HAPPY HOLIDAYS TO EVERYONE
HOLIDAY SNOW – ACRYLICS
Born in northern Alabama, father was a Native American (Chickasaw) sharecropper who managed a farm for a businessperson from Decatur, and a mother who worked in the local cotton mill during the Depression to pay for Beautician School. Although her mother lived in the same house, she was emotionally absent since the Author’s birth. The author, raised by her father, Native American great-grandmother and an African-American woman all were great storytellers.
Instead of playing like most children, she roamed the countryside alone or with her father and at night she sat at the feet of these strong-minded individuals listening to the stories of their lives. During the summer, she lived with her fathers’ sister in Birmingham, Alabama; it was there that she would discover a library, and mingle with her aunt’s circle of friends that included local writers, artist, and politicians. A cabin deep within the Black Warrior Forest was the weekend retreat and filled with these people from a different life than her own. This aunt encouraged the imagination of a young Ann with the gift of her first journal, which she filled with stories over the summer. Planted was the desire to write, a seedling waiting to spurt from the warm southern heart of a child.
Nonetheless, with adulthood, the desire to create buried itself deep within, the dream wilted but did not die. It lay dormant, gaining experience all written in hidden journals. These experiences, the contents of these journals became short stories and poetry reading to share with the world.
Throughout the years along with her father, great-great-grandmother, and her beloved Aunt Francis, other influences were, Faulkner, Capote, Fitzgerald, and Harper Lee. Later in life, I discovered the warm and comic writing of Grace Paley. The Collected Stories, the vivid poetry of William Carlos Williams; the strong poetry of Phyllis McGinley, and the world’s most exciting women, Maya Angelou are some of the poets at the top of her list.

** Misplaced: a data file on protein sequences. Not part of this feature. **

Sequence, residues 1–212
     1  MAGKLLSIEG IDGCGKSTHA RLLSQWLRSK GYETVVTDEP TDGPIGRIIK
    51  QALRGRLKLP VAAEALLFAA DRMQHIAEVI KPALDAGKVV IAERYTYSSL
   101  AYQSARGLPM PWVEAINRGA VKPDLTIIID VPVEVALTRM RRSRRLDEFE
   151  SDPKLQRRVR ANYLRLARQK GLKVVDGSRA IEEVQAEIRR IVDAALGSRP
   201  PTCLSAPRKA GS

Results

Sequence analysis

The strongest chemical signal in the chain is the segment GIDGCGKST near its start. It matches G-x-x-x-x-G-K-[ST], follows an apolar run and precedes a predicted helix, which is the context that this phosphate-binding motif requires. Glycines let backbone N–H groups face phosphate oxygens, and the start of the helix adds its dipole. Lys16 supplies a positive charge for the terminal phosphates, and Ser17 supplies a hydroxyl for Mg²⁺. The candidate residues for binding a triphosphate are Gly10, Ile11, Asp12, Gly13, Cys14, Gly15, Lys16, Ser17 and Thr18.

The harshness that shrouded her life would cause her to withdraw from most of the world; it fills the pages of her writing, the heartache, the abuse, and the denial from her mother. Today, at a stage of life where she enjoys her children, grand and great grandchildren, her four-legged companion Mason, she lives in Southern Wisconsin…far from her southern roots, writes and paints daily.
ONE OF THE MANY REVIEWS ON HER WORK:
Southern living, tragedy, memories, and nostalgia… 2014
By Dr. Karen Moriarty – Karen Moriarty, Author of “Defending A King ~ His Life & Legacy” [about the incomparable Michael Jackson]
“As a former teacher of English and creative writing, I approached the reading of Ann Johnson-Murphree’s “Honeysuckle Memories” with real enthusiasm. Poetry is not a wildly popular genre currently. However, I have always enjoyed it, partly because it can be consumed in bits and pieces and at any time of day or night. This book did not disappoint. I consider poems the poet’s personal journey of heart-soul-and-mind. This collection of poems is about Southern living, tragedy, death, and memories. The poet-author’s background as a child who grew up in northern Alabama, a sharecropper’s daughter who farmed for his living, colors much of her work. I enjoyed the flow of her writing, her style of combining prose and poetry, and her reflecting the imagery from her earlier memories in vivid terms.
I recommend that you buy and read this book. It is priced well — to entice the potential reader to venture into the realm of poetry. Ms. Johnson-Murphree enjoys, above all else, sharing her love of writing with others who will enjoy it, understand her better, and share her personal journey.”
THE POETRY OF ANN JOHNSON-MURPHREE AT AMAZON.COM –
“Nothing will change in your life if you don’t do something different from what you have been doing”. E. Perry Good
The posting for today developed from a quote by E. Perry Good, speaker, trainer, corporate coach, and author sent to me by my son in a mass family mailing. My answer back to him was that, “We (I) try to focus on today more than the future as all we (I) have is today”.
In sharing a “little” of myself with my readers today, as a family research, reading books and trying self-help methods have been a part of my family for many years. It does not mean that we use all but we try. Living day to day is a struggle to many and not unique to only me!